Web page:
Do you feel like you’re in a bit of a slump? Is the realization that you might actually have to do work this semester bringing you down? Are you unnecessarily disappointed that your professor didn’t really live up to the hot tamale rating from ratemyprofessor.com? Then you might be suffering from an affliction I like to call Syllabus Week Blues.
Syllabus Week Blues is the initial onset of feeling like the more you have to do, the less you want to do anything. It’s those first tens of days at the beginning of the semester during which you may or may not have even brought a pen to class. You don’t actually have anything to do, but the emails about lab schedules and gym classes and group meetings are starting to pile up. You’re not even sure which classes you’re taking but you already have a handful of neatly typed lists of assignments looming perilously over your previously empty calendar. New Year’s resolutions to work out more and get good grades are at a standoff with second-semester senior resolutions to not care about anything.
Every morning, I wake up and give myself a little mental pep talk: okay, looks like you got a discussion here, a meeting there, do your homework for this class in that class, make sure you call the first shower after going to the gym and boom, you’ll totally be ready to go out in 30.
Syllabus week is the proverbial morning of our entire semester and I think I may need a pep talk.
Just today I was confronted with the minor anxiety one feels when realizing she is a week and a half behind, a week and a half into the semester. At this point, I almost ache for the comfort of knowing exactly how much work you have to do for which class and exactly when you’re going to do it. Almost.
While the tried-and-true response to Syllabus Week Blues is to be organized, to plan our days out ahead of time, to start checking the little check boxes off on to-do lists, excessive planning often has the crippling side effect of dull, tedious, complacency. Those time management skills we’ve been grooming since high school can sometimes become unnecessarily confining and lead to more monotony than comfort. Why micromanage when you can ride the waves of activity as they come?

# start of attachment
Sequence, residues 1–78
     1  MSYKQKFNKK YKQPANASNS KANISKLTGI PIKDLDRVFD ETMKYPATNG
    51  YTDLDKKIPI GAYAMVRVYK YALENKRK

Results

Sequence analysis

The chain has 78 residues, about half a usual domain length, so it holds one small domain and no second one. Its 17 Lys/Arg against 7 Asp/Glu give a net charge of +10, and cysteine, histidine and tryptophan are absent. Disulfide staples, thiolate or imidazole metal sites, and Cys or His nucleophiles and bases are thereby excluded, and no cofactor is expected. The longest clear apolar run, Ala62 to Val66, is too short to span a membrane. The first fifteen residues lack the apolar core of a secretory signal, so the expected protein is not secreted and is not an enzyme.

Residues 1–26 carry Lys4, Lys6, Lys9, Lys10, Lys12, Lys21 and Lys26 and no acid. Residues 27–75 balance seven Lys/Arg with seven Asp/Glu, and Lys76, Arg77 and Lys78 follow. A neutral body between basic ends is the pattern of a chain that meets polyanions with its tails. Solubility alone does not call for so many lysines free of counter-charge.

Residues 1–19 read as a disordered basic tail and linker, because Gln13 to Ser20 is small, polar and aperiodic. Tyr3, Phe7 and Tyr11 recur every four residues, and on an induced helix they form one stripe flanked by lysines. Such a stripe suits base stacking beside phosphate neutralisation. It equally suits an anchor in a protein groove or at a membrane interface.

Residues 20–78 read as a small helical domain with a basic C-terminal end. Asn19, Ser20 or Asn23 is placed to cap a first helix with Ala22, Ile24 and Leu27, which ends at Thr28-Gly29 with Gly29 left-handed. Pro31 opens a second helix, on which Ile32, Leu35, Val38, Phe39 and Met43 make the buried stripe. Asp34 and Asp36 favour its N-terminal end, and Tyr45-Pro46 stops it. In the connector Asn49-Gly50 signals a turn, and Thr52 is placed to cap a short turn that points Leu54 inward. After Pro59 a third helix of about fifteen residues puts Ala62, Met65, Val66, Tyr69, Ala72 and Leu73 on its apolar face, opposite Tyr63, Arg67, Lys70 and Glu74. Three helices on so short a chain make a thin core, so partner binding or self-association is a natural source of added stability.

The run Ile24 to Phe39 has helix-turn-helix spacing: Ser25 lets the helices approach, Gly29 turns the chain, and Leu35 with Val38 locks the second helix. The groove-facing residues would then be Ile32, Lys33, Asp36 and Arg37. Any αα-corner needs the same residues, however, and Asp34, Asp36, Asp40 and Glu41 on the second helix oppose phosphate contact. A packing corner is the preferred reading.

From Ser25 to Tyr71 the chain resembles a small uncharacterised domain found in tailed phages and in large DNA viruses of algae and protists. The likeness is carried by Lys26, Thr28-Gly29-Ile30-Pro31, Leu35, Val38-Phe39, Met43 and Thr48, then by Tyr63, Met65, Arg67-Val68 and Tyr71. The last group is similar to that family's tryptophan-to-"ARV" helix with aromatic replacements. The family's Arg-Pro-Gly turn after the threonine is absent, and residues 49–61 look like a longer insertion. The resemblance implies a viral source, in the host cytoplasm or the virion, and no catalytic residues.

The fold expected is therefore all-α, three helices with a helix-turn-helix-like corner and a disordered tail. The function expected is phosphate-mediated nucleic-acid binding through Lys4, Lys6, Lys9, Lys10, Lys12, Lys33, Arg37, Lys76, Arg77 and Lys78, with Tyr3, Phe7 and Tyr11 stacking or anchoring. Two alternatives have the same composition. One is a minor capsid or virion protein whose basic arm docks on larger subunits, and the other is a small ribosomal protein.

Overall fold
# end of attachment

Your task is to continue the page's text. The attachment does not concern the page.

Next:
While right now it might feel like our schedules are packed with very little wiggle room, feeling constrained by Syllabus Week Blues is really just a transitory phase. I propose approaching it with a positive attitude of possibility and choice. In college we have so much personal agency, so little responsibility imposed on us by others. No bosses, no supervisors, no husbands, no wives, no children, no one to answer to but ourselves. Some of us may still be tethered to our parents’ wallets, but our day-to-day activities are ultimately functions of our own choices. Even mandatory classes are somewhat optional.
Syllabus Week Blues make me realize that I can and should be more selective about the events I go to, the clubs I participate in and the classes I take. I want to find the balance between overscheduled and underwhelmed while still leaving room for spontaneity. I can look at my assignment book and see, not dreaded hours spent in the library, but opportunities for learning and exploring and adventure. I need to take advantage of being able to do things on my own time and then actually do things. I want to be motivated not by a fear of falling behind or a desire to get ahead, but because I enjoy whatever it is I’m doing. I want to do things because I want to, not because I have to. And if it feels like I have to, I want to think about why I’m doing it in the first place.
As I shift the view on my iCal from day to week to month, it’s like zooming out in time, watching the events simultaneously multiply and yet become less daunting when placed on a larger scale. Just the most important, exciting things stick out and the rest is, well, flexible.
So as you casually sit down with your bowl of stale Fruit Loops leftover from before winter break because you’ve been too busy going out to spend a day “getting your life together,” don’t be too hard on yourself. By not getting bogged down by the whos, whats, whens and wheres that life throws at you, you are winning the fight against Syllabus Week Blues. You understand that you don’t need to plan every minute of every day and that you’re going to spend your time doing things you really like, like eating Fruit Loops for dinner. Fight Syllabus Week Blues not necessarily with an army of sticky notes but with the mindset that freedom is about making your own plans, then letting yourself break them.
Original Author: Rebecca Lee